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Wednesday, 27 March 2013


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Be prepared to have your mouth drop once more. When I was in high school, I was told that Antonio was gay -- he is sad because he is losing Bassanio to a woman. I just checked on google and apparantly that's a common interpretation.

Yes, indeed it is, Dom, but I'm not totally convinced. WS was interested in the nature of melancholia - perhaps and I stress, perhaps - because he suffered from it himself. One of his most mysterious and interesting characters is Jaques from 'As You Like It', the epitome of self-induced loneliness and melancholia - a detached man who spends his entire time observing and commenting on others - exactly like WS himself.

Incidentally, I once played the absolutely crucial role of the comic Launcelot Gobbo in 'The Merchant'. This was many years ago before the advent of this internet-thingie but had you known, Dom, I feel certain you would have caught the first plane 'over here'! Talk about laugh, no-one did!

May/may not be pertinent but me being the same JK as yesterday...

One of those "old era Intellectuals" feller name of Saint Jerome (Patron Saint of Translators) got it into his head to use the original Hebrew texts to 'correctly interpret' into an official Latin text.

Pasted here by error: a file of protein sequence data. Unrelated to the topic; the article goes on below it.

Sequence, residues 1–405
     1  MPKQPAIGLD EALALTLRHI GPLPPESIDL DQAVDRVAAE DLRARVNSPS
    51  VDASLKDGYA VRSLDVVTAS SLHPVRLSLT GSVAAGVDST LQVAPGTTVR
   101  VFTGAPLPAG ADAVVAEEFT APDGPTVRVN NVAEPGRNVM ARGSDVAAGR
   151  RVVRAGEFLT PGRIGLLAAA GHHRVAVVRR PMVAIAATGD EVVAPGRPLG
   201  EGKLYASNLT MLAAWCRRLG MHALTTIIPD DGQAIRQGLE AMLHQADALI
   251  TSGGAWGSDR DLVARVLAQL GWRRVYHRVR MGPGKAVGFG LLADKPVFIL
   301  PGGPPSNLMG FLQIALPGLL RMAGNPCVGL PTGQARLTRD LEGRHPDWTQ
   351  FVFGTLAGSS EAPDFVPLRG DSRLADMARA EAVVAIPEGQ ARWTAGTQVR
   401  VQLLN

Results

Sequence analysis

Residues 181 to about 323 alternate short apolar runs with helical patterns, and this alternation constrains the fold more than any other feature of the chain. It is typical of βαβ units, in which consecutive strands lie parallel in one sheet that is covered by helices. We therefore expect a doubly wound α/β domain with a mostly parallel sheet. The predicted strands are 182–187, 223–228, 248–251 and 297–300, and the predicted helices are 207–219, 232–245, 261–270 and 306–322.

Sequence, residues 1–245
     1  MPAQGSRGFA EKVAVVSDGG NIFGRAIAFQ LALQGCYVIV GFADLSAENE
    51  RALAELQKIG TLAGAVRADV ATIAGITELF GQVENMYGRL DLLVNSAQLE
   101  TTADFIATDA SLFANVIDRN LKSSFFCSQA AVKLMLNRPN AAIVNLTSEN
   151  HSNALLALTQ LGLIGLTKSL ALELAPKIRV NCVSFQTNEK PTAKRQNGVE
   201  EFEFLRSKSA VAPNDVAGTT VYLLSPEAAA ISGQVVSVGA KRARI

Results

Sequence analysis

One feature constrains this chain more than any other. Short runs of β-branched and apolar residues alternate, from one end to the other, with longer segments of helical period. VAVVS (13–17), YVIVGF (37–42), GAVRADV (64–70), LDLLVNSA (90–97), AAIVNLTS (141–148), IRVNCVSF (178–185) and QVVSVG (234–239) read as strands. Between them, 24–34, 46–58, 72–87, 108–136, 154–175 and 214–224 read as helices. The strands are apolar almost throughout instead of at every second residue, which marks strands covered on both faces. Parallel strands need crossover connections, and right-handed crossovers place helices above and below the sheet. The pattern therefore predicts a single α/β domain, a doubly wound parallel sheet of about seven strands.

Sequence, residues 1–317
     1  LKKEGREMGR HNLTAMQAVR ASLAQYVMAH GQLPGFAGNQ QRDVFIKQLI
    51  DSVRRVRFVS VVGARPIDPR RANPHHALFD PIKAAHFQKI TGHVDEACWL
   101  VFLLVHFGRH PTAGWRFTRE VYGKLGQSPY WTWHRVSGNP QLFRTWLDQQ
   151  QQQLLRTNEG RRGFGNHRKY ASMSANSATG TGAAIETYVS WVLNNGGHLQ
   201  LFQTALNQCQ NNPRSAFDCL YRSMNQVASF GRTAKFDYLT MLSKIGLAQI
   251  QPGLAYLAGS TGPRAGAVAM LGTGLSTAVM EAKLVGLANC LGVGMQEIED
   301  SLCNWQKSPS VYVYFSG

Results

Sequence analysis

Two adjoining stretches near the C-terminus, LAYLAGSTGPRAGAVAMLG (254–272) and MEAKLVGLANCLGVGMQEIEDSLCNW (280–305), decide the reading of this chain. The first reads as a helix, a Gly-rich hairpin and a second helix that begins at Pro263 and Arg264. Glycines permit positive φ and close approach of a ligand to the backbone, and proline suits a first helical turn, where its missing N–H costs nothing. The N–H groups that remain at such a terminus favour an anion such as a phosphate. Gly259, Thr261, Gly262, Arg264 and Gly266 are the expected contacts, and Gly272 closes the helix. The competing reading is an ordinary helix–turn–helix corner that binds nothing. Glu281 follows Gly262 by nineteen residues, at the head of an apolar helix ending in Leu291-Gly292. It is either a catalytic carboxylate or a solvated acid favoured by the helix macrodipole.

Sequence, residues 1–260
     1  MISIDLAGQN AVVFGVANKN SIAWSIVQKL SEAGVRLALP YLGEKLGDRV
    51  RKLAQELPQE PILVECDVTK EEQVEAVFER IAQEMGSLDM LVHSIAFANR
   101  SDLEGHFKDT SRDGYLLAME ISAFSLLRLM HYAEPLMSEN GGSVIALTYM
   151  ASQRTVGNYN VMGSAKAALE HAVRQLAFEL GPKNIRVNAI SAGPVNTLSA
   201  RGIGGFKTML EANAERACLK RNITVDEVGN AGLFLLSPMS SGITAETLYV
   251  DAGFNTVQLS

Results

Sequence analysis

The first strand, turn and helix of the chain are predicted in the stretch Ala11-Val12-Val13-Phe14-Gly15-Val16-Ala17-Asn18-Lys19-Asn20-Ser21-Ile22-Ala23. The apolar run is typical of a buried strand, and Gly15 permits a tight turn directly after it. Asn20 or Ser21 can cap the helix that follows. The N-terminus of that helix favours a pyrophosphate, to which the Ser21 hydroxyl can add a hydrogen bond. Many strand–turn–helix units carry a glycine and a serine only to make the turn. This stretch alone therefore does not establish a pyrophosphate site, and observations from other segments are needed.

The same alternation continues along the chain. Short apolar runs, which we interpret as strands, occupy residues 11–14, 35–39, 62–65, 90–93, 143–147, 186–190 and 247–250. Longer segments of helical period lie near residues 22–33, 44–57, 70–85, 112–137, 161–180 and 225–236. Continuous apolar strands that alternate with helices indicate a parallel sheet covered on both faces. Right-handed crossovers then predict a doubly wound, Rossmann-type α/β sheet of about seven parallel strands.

And so it came to pass that when Moses' descent off the Mount came to pass and Jerome came upon the word 'krn' (ancient Hebrew being written without vowels) Jerry wrote it out as "karan" as opposed to what modern scholars know from the context should have been written as "keren" - that led even up to the middle of last century's - to some "unfortunate" artistic depictions.

The word had to do with the aspect of Moses' face.

"Keren" = radiant - "karan" = horns.

As so often, JK, you are a mine of information!

So now you're a man of faith?

(Or at least - closer to the "hows & whys"?)

No, JK, not a man of faith, I remain, as ever, a Doubting Thomas!

No matter, it's the hows and whys stuff happened.

I thought Hinduism, Buddhism and Mohammedanism spread pretty fast too - a common feature maybe. Then the world seems to be run by the clever dicks for the benefit of the clever dicks so a counterwieght (albeit an illusory counterweight) would seem useful and acceptable to the er clever dicks. But as an atheist I cannot get away from a fundamental need in all peoples for some sort of communal ceremonial - and churches of all kinds adorn our world for whatever reason.

Whenever humans put words together another group of humans set about 'interpreting' those words and twisting them to their own purpose. Sometimes these folk are called literary critics and sometimes they are called lawyers but both groups work really hard at their agenda. In a way each and every reader makes their own interpretation.

Indeed, JK, that is what I find fascinating - and in some cases, infuriating.

Yes, Roger, I was reminded of that by the recent shenanigans at the investment of the new Pope. People still love ceremony. And your description of the "clever Dicks" forever 'interpreting' is exactly right. Hence the question in my title.

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